[Side note: The Finance Committee version doesn’t have a mandate- instead employers that didn’t provide insurance would only pay a penalty for workers who qualified for government subsidy to help pay for their insurance- this is called the free rider proposal.  We’ve talked before about why this is a terrible, terrible idea– it gives employers an incentive to hire people who don’t need insurance because they’re already covered through someone else- but unfortunately it looks like this proposal will make it into the final Senate version.]

Eventually the exchange might be opened to everyone.  Limiting the exchange at first makes it more likely that:

  • If you have insurance that you like through your employer, you’ll be able to keep it- they won’t be able to buy through the exchange, so they’d probably end up sticking with the same coverage.
  • Unfortunately, that also means that if you have insurance through your employer that sucks, you’re stuck with it.

You and millions of other Americans:
Graph of who's eligible for exchanges

But Senator Ron Wyden (D-OR) has another idea…

Wyden’s Free Choice Proposal
This was an amendment to the Senate Finance Committee bill- it didn’t pass (actually, thanks to chairman Max Baucus it wasn’t even voted on), but there’s a chance it might come up again when the bill goes to the floor.  Wyden’s amendment would open the health exchanges to everyone within five years.  Not only that, but let’s say you decided that your employer’s coverage sucks and you’d rather buy insurance through the exchange. Your employer would have to take the money they would have paid to enroll you in their crappy plan, and put it towards the plan you choose in the exchange.

If this amendment gets anywhere, it will be an uphill battle, since it’s run into opposition from all sides.  Johnathan Cohn explains:

Employers don’t like it, benefits managers don’t like it, unions don’t like it–in each case, because it means these groups have less control over, or stand to derive less loyalty from, workers over health care decision-making[…]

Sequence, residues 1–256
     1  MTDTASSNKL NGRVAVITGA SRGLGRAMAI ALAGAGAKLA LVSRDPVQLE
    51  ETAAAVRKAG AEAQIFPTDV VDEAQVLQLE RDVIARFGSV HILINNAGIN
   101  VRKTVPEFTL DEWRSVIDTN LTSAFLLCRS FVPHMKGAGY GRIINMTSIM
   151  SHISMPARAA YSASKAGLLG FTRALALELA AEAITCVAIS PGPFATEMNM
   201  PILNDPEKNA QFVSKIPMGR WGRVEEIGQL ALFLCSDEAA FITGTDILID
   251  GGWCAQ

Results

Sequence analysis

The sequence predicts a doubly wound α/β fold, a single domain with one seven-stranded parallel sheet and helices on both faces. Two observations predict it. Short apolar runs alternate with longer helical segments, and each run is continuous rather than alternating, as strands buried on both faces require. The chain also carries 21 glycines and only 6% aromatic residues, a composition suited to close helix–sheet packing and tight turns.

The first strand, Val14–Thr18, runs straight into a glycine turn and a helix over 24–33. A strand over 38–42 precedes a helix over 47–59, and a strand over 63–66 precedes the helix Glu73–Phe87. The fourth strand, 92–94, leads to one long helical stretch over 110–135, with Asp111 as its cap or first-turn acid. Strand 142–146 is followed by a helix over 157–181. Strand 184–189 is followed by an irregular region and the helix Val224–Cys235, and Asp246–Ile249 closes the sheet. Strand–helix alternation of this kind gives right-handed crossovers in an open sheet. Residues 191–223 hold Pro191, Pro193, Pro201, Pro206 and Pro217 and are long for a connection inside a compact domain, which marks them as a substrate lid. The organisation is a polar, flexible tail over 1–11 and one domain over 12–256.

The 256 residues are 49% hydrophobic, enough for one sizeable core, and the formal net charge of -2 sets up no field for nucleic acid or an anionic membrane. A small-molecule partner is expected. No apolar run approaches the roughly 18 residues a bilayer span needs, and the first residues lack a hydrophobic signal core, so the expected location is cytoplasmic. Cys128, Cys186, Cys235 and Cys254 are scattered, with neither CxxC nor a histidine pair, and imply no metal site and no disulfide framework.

Baucus said something about how if labor and business think the idea has problems, then it must have problems. Not true. But labor and business together have the clout to make their views prevail.

When Baucus disallowed the vote on the Free Choice proposal, he said it was because it hadn’t been scored by the CBO.  But:

That was not true, and Wyden has the documents to prove it. A Sept. 22 report to him from the CBO says “the amendment as modeled would reduce the net impact on federal deficits by about $1 billion over 10 years.”

In other words, it would save a bit of money while giving choice to millions of consumers. That in turn would force insurers to compete harder for customers, driving down premiums.

Most policy experts think that the free choice proposal is a great idea, and that businesses and labor groups are being incredibly short-sighted in opposing it.  You’d be hard pressed to find a more pro-business piece of paper than the editorial section of the Wall Street Journal, and even they ran an editorial saying:

Big business thinks that giving employees this choice would be a calamity. To which one can only ask: Have these business lobbies lost their minds?

When the post-mortems on the health-care reform debate are written, the biggest mystery will be why big business fought so hard to stay in the health-care business even as soaring health costs surpassed corporate profits and diverted executive time better devoted to actually running companies.

How does the public option fit into all of this?
The public option is just an insurance plan that would be run by the government and offered on the health insurance exchange, just like all the other private plans.  That’s all it is, despite the massive freakout by the insurance companies over it.  We’ll talk about why they’re so scared- and why that’s probably a good thing- next time.